To help us provide you with free impartial advice, we may earn a commission if you buy through links on our site. Learn more

Microsoft Band 2 review

Microsoft Band 2 - display
Our Rating :
Price when reviewed : £200
inc VAT

Small improvements to the design (and big ones to fitness tracking) but the Band 2 still isn’t particularly comfortable to wear 24/7


Pedometer: Yes, Heart-rate monitor: Yes, Display size: 32×12.8mm, Resolution: 320×128, OS support: Windows Phone 8.1+, iOS 8.1.2+, Android 4.3+, Battery life: 48 hours


Exercise tracking

Unsurprisingly for a wearable focused on fitness, the Band 2 is adept at all kinds of exercise. The most common use will likely be either running or cycling, at which it both excels. The integrated GPS produces a route map without relying on your phone, saving its battery, although the time it takes to lock in your location varies greatly; sometimes I was waiting five minutes before it got a lock.

You get the option to enable GPS before starting an activity, but even with it disabled you’ll still get important metrics such as activity duration, calories burned, heart rate, recovery time (how long you should wait before attempting more exercise) and even a fitness benefit, suggesting whether you’re improving over time. It also estimates your VO2 max while running, which can be a useful metric when pacing yourself in preparation for greater distances. Heart rate tracking is reasonable, but with no option to adjust the polling rate, serious athletes may not appreciate the limited degree of accuracy.

One of the original Band’s unique features was Guided workouts, acting as a personal trainer with customisable workouts that can be downloaded. They return here, now with over 100 different workouts available. Once activated, the first activity in the workout is displayed alongside a timer, with the Band vibrating when you’re done. If you finish before the timer expires, pressing the Action button moves on to the next activity.

Golf might not be as strenuous as a guided workout, but the Band 2 can still help on the links. You can download courses through the companion app and use the Band’s GPS to display information like distance to the hole, drive distance and even act as an automatic score card. It senses your swing and whether you make impact with the ball, so can detect practice swings, but with no golf club members on staff and an inability to drive a ball to save my life, I couldn’t test its accuracy.

As before, the Band 2 is also compatible with a range of third party apps that can be downloaded separately from Microsoft’s own Health app. The selection depends entirely on your smartphone OS, but compatibility with Runkeeper and Strava are universal across Android, iOS and Windows Phone. It also tracks calories burned throughout the day and counts your steps, too, although there’s no option to disable metabolic calorie counting, and the step count seemed rather high compared to the Apple Watch I was wearing on my other wrist.

Companion app

Microsoft’s Health app is almost as important as the Band itself. Almost everything is configured through the app, right from the initial setup, and all your synced data is saved here for quick access and analysis. It unsurprisingly uses a familiar Windows Phone design, filled with coloured blocks and bold text regardless of your smartphone OS, but is easy to navigate and surprisingly in-depth once you dig down into each menu.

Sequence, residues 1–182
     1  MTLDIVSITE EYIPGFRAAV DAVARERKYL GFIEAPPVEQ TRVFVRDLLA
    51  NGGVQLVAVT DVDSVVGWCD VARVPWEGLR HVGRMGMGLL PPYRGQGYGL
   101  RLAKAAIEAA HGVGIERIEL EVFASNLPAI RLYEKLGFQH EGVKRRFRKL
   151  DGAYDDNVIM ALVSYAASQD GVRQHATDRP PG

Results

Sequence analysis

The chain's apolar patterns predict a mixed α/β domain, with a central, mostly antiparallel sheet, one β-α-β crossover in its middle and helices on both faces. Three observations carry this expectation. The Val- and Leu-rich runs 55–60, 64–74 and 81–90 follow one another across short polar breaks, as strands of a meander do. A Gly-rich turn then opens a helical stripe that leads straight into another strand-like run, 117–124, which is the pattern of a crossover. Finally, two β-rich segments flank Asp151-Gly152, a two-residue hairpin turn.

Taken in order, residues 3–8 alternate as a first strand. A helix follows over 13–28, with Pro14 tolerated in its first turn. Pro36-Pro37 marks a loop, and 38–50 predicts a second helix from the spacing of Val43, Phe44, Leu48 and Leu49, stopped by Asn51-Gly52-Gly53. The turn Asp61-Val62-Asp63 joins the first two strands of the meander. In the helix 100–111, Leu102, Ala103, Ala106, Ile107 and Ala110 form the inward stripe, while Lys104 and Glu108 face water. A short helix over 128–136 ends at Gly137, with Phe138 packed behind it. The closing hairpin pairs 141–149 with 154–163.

It’s a shame that the Band 2 still doesn’t do much with the data Microsoft Health collects. At launch, it wouldn’t prompt you to get up and take a stretch every hour or so, but thankfully Microsoft has now added the feature in an update. Even so, sleep tracking is only useful if there’s any indication of how to improve – Microsoft Health simply says whether you’re lightly or moderately rested.

This is especially annoying when you consider how much effort Microsoft has gone to in expanding its Health web hub; there are literally hundreds of ways to display and interact with your data, share it with others and get feedback on your performance. It’s one of the best web interfaces around, yet you have to work hard to get useful metrics from the band and app themselves.


The Band 2 is an improvement over the original, then, but not a massive one. Despite tweaking the design of the original, issues such as the bulky strap return, albeit to a lesser extent. The curved screen is a genuine improvement, as is the premium metal finish, and battery life is finally long enough to get you through a working day when you’ve enabled GPS for the morning commute.

It’s primarily a fitness wearable, so while it has rudimentary smartwatch features, they aren’t up to the same standards as either the Apple Watch or Android Wear. However, it wipes the floor with most dedicated fitness bands thanks to comprehensive tracking metrics and a detailed web interface. If it actively explained what the data it gathered represented, it would be ideal, but currently you have to go out of your way to translate your results into a suggested course of action. When Microsoft works out a way to translate the gathered data and explain to less fitness-minded users (like myself) how to improve, it could be on to a real winner, but right now the Band 2 is still something of an also-ran.

Pages: 1 2

Heart-rate monitorYes
WaterproofWater Resistant
Other features3-axis accelerometer, Gyrometer, Ambient light sensor, Skin temperature sensor, UV sensor, Capacitive sensor, Galvanic skin response, Microphone, Barometer, smartphone notifications
Display size32×12.8mm
Display technologyAMOLED
Smartphone connection
OS supportWindows Phone 8.1+, iOS 8.1.2+, Android 4.3+
WirelessBluetooth 4.0 LE
Battery sizeNot stated
Battery life48 hours

Read more